H.P. Lovecraft is a tricky subject. Being an author that was very descriptive yet never wholly described anything, he’s hard to grasp in film form. It takes a fan to even attempt to take on his work.
Director Blair Erickson did just that and pulled together some excellent help to do it. Shock sat down with him and discussed tackling such material with a little project known as The Banshee Chapter (arriving on VOD December 12th).
On the trail of a missing friend (Michael McMillian) who had been experimenting with mind-altering drugs, a young journalist (Katia Winter) – aided by a rogue counter-culture writer (Ted Levine, The Silence of The Lambs) — finds herself drawn into the dangerous world of top-secret government chemical research and the mystery of a disturbing radio signal of unknown origin. A fast-paced thriller blending fact and fiction, Banshee Chapter is based on real documents, actual test subject testimony, and uncovered secrets about covert programs run by the CIA.
Shock Till You Drop: Are you a Lovecraft fan?
Blair Erickson: Of course. I don’t think you can be a horror fan and not be a Lovecraft fan. Well I suppose it’s possible, but I have yet to meet that person.
Shock: How did the story develop?
Erickson: It was reading a lot research on what the government had been doing. They had been trying to create an empty person that they could puppet. I was reading about these chemical experiments and things like that and for some reason, it started to remind me of From Beyond. In that you had people who were basically playing with something that was connecting to an alternate dimension. I think for me, we had this real story, but what if the real story connected to a fictional mythology in the Lovecraft world. I think that sort of Lovecraft touch helped bring it more to a horror area than just a typical conspiracy tale.
Shock: How difficult was it to find your two leads?
Erickson: Ted Levine, who plays Blackburn, that was actually really easy. We put together this huge list of people who could play the part and we sent him the script and he loved it! So that was easy. Finding the female lead turned out to be very difficult. Because there aren’t a lot of actresses that can deliver that level of serious intensity, and hit their mark every time, and bring a little bit of wit, and improve, and edge to the character. So finding Katia, I want to say we went through several hundred. We found her and she hadn’t really done a lot at that time, but we tested her and we saw right away that she’s got it. Whatever that thing is, she has it. So we brought her over from Europe and she brought exactly what we hoped to the story and really pulled it together.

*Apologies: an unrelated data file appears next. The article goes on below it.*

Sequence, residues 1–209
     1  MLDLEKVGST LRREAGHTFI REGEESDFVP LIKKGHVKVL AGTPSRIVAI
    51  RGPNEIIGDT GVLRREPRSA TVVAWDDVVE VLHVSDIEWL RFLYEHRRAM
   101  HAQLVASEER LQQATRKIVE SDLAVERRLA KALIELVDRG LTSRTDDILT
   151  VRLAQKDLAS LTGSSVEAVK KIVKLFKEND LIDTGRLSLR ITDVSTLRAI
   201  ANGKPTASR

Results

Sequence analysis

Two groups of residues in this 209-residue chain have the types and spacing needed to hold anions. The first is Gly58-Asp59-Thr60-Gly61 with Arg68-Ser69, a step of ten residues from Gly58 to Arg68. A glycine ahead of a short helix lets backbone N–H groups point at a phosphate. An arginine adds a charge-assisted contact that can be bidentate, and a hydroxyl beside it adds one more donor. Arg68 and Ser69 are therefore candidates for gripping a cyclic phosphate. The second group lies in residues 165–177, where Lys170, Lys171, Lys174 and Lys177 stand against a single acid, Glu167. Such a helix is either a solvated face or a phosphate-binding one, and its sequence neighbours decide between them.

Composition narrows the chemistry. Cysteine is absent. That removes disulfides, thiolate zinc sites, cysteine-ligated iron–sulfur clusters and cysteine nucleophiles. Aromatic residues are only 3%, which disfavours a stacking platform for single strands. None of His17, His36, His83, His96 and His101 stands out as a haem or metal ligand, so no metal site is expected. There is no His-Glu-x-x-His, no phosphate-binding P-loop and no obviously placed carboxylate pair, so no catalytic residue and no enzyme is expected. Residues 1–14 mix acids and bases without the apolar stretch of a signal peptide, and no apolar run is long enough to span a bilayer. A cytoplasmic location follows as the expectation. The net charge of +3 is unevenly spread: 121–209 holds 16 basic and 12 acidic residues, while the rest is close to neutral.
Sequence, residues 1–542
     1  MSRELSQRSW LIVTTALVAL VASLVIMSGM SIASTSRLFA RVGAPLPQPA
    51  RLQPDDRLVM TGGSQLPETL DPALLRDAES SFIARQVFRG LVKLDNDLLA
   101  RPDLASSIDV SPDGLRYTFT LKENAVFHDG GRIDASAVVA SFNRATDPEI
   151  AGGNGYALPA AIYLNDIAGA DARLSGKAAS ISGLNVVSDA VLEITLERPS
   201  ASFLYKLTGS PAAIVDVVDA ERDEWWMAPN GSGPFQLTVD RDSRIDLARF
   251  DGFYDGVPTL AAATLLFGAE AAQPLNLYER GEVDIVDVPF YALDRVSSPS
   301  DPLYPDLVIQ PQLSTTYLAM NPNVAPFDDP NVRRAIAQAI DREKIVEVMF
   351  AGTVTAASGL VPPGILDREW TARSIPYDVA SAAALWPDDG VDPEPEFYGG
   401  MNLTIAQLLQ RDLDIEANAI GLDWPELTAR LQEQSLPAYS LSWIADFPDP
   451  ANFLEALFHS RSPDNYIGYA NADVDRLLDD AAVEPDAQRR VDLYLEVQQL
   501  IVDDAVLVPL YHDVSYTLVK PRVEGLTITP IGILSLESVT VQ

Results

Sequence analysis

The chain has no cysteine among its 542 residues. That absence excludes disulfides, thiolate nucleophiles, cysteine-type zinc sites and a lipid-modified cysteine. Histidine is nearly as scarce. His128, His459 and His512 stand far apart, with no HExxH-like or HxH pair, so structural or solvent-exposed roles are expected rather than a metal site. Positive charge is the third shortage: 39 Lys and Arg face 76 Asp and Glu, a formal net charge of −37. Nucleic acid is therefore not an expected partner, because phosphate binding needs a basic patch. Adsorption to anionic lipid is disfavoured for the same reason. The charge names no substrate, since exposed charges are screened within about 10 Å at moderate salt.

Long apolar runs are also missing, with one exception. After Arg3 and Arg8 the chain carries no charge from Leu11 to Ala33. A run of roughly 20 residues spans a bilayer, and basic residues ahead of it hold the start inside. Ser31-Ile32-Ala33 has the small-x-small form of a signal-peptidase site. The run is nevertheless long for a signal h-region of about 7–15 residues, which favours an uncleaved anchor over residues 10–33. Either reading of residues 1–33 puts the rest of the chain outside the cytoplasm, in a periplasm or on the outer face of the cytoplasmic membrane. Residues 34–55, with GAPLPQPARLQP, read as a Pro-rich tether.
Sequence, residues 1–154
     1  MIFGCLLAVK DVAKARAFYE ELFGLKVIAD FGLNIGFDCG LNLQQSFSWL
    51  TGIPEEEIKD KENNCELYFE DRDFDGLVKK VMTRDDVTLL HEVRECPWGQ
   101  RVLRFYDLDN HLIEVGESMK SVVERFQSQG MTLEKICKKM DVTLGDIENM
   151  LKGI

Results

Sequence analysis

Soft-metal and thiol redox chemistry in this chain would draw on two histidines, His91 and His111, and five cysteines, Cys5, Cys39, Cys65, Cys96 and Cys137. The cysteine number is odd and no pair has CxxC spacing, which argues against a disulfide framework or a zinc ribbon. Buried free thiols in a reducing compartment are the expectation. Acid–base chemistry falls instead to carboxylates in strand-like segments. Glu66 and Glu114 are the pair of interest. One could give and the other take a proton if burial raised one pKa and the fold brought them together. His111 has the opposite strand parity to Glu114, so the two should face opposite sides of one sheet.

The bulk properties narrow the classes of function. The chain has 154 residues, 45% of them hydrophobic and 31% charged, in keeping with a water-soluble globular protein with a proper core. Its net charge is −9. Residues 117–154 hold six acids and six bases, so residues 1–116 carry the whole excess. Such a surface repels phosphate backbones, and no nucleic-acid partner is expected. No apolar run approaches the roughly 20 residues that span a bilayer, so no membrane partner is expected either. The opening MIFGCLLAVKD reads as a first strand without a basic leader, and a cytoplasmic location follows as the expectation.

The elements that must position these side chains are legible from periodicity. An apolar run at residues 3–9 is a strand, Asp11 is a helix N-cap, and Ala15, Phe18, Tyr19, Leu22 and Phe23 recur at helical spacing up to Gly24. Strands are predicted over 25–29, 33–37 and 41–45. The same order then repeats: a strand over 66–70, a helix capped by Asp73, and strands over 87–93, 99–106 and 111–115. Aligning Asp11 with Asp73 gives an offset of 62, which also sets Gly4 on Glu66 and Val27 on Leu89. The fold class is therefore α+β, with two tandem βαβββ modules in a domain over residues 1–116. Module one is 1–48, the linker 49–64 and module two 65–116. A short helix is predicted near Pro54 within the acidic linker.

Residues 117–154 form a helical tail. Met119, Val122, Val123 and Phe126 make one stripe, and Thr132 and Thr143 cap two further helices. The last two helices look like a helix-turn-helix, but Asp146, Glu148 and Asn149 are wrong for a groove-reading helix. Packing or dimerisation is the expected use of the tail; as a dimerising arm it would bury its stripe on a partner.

Shock: Ted Levine definitely had a Hunter S. Thompson thing going on…
Erickson: He’s a mix of Hunter S. Thompson, but he also mixed in some Timothy Leary, and Ken Kesey. We knew he was gonna be that kind of character so we just figured out the beats of those characters combined to create someone you were familiar with even though he’s completely fictional.
Shock: What was the most difficult part of pulling off such an ambitious project?
Erickson: Seriously enough, it was all location. We had such a small budget; this was such a little film. We had all these ridiculous locations. That was a big risk. Can we pull off all these locations in the short amount of time we have to them? All we had was 28 days. We actually ended up being saved by our location manager, who was Alex Gianopoulos. He was also the location manager on Breaking Bad, so he had all these great places in the back of his pocket and was able to get us in there. Not only that, but we worked with a lot of the crew from Breaking Bad and they really helped us control the production. Even though we were so simple, they really insulated us and got us through a lot of the difficult challenges. We ended up surviving due to their level of expertise.
Shock: Since you are a Lovecraft fan, did you have specific ideas on what the creatures would look like?
Erickson: I put together a bunch of reference materials and then we played with the different stages of how the entity might appear. How much of it we see and when we see that. At the beginning, you just see glimpses of each face when it’s formed. You start to get the idea that it hollows people out and wears them. That whole idea came from the real MK Ultra program. They wanted to take a person and core them out like an apple, so there wouldn’t be any kind of conscience inside them and they would be able to completely manipulate them and make them into puppets.
Shock: Is there anything you wanted to pull off but couldn’t?
Erickson: There might have been a few moments here or there where we felt that if we only had a few more takes, or we could maybe have tried something there. You know? There were some things that we had to cut from the film. It had to be faster paced, so we lost some characters at the beginning. In general, when we look back at the script and what we have here, it’s pretty close. So I wouldn’t say I have any regrets. I think it works for what it needs to do. And I think that is the best way to look at it for me.
Shock: Is there a greater mythology that you would like to explore in the future?
Erickson: There is definitely a lot more to explore. We play with the past. We play with the past’s effect on now. Even with the MK Ultra project there are lots and lots of creepy stories around it that we had to cut out of the script, but are definitely worth exploring. Were there MK Ultra connections to some of the assassinations that took place during that era? People talk about the UnaBomber being part of the program. There’s a lot of interesting stories to explore.